For the Opelika
Christy Crow of Jinks, Crow and Dickson, P.C. in Union Springs, Alabama, was named president-elect of the Alabama State Bar earlier this month. She will serve as bar president for the 2019-2020 bar year.
Only the third female to be elected president of the Alabama State Bar, Crow said she is humbled that her fellow lawyers trust her to serve them as president.
“I love lawyers … I became actively involved in the bar when I was a young lawyer, and so I was Young Lawyers bar president about 10 or 12 years ago and just really enjoyed getting to know lawyers and seeing the service that they give to their community and the service that they give to their clients, and so the opportunity to be able to serve the lawyers that serve others is something that is both humbling and exciting,” Crow said.
According to Crow, the Alabama State Bar has a mandatory bar system and every lawyer in the state is a member. The bar provides a number of different benefits to its members, but Crow said there are still many members who are unaware of these benefits.
“[Sometimes] they don’t really understand what the bar association can and is doing for them, so I’m going to try to build on the efforts of prior administration to do outreach to our members to help them be better lawyers and to help them have more satisfaction with their career,” Crow said.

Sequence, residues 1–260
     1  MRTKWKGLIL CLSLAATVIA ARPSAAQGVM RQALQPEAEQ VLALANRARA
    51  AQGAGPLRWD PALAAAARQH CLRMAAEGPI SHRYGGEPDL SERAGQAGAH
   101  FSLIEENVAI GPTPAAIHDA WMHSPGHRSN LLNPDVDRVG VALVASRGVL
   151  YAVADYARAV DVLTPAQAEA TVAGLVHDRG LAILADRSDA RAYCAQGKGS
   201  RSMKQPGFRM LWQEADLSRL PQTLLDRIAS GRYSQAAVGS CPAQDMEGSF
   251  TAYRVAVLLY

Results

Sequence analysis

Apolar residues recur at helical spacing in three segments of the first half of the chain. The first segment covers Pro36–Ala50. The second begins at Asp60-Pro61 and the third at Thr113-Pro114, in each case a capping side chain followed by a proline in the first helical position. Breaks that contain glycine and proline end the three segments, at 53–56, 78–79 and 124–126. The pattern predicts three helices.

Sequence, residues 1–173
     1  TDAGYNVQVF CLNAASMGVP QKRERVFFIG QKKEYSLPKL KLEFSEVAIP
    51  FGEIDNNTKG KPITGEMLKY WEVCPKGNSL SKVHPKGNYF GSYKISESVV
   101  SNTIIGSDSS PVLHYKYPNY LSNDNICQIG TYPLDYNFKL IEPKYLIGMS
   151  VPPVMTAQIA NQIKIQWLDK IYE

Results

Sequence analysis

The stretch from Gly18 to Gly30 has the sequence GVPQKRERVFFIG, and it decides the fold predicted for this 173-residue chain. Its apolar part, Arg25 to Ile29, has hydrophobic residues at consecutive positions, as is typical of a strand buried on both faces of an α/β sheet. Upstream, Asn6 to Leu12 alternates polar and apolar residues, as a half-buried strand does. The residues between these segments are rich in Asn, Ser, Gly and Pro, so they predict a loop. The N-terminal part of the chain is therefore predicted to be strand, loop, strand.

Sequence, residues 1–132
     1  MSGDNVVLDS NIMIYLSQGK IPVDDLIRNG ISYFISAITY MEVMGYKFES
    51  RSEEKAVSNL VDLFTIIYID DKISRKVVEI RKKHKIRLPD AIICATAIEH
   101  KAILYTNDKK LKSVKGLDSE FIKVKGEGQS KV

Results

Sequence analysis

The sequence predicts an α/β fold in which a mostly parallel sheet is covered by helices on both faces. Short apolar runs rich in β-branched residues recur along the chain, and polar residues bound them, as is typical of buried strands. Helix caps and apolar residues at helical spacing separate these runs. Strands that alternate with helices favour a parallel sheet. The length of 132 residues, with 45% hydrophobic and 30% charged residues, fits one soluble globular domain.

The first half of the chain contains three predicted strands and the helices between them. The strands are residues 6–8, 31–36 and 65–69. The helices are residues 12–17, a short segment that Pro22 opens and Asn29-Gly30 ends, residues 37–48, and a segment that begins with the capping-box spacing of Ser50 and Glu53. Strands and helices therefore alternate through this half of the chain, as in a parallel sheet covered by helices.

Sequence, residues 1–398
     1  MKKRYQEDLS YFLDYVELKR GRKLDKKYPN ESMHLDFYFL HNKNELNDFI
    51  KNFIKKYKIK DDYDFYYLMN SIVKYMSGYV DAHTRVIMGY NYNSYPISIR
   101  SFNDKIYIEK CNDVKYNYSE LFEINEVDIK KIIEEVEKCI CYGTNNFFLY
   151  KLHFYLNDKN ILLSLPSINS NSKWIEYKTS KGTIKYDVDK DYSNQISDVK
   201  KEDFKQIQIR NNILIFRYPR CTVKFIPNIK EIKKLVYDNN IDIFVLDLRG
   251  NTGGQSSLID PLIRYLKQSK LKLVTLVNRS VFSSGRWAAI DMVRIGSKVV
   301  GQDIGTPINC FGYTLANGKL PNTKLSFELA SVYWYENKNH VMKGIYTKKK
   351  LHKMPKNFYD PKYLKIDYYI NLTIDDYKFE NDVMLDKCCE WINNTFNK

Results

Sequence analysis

Being a woman from a rural area, Crow said she hopes her election will give the bar some diversity in leadership structure that will help bring different perspectives to the table. She said she is also excited about the timing of her presidency: exactly 100 years after the adoption of the 19th amendment to the Constitution, which gave women the right to vote.
Crow said that the bar is already starting to plan some activities for the women’s suffrage anniversary.
“The ideas that we have [for activities] are interesting, and I think that it’ll be a good outreach for the bar where we can help make the public aware of what the bar does and celebrate that historic achievement.”
A north Alabama native, Crow said she is the first lawyer in her family. She decided to pursue a career in law after her father was injured “through the gross negligence of another.”
After earning her bachelor’s degree at Auburn University and her Juris Doctor degree at the University of Alabama School of Law, Crow earned a reputation for braving arbitration cases — something that many lawyers did not typically tackle at the time. However, personal injury and death cases still hold a special meaning to her.
“I love representing clients and getting to know their stories and giving a voice to people that sometimes, without a lawyer, would feel like they didn’t have a voice,” Crow said. “I think people sometimes … don’t feel like they can get a wrong committed against them addressed, and being able to empower folks to stand up to people that do something wrong—or companies that do something wrong—is the thing I enjoy most.”